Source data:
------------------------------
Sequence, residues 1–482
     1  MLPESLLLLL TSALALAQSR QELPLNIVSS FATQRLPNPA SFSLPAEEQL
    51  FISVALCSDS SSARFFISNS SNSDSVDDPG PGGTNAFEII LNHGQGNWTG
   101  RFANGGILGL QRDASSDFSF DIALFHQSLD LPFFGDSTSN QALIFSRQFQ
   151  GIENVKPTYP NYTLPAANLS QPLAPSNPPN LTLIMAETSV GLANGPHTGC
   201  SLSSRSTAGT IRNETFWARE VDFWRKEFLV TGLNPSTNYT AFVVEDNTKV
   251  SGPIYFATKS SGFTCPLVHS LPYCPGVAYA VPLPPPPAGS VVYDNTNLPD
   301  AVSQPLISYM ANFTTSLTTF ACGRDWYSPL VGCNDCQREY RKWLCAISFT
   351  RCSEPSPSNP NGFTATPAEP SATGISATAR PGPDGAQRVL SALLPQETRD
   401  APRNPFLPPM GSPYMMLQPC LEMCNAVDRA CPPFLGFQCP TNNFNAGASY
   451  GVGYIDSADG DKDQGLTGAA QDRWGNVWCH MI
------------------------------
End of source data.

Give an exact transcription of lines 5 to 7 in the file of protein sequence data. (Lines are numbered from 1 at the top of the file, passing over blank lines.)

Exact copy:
   151  GIENVKPTYP NYTLPAANLS QPLAPSNPPN LTLIMAETSV GLANGPHTGC
   201  SLSSRSTAGT IRNETFWARE VDFWRKEFLV TGLNPSTNYT AFVVEDNTKV
   251  SGPIYFATKS SGFTCPLVHS LPYCPGVAYA VPLPPPPAGS VVYDNTNLPD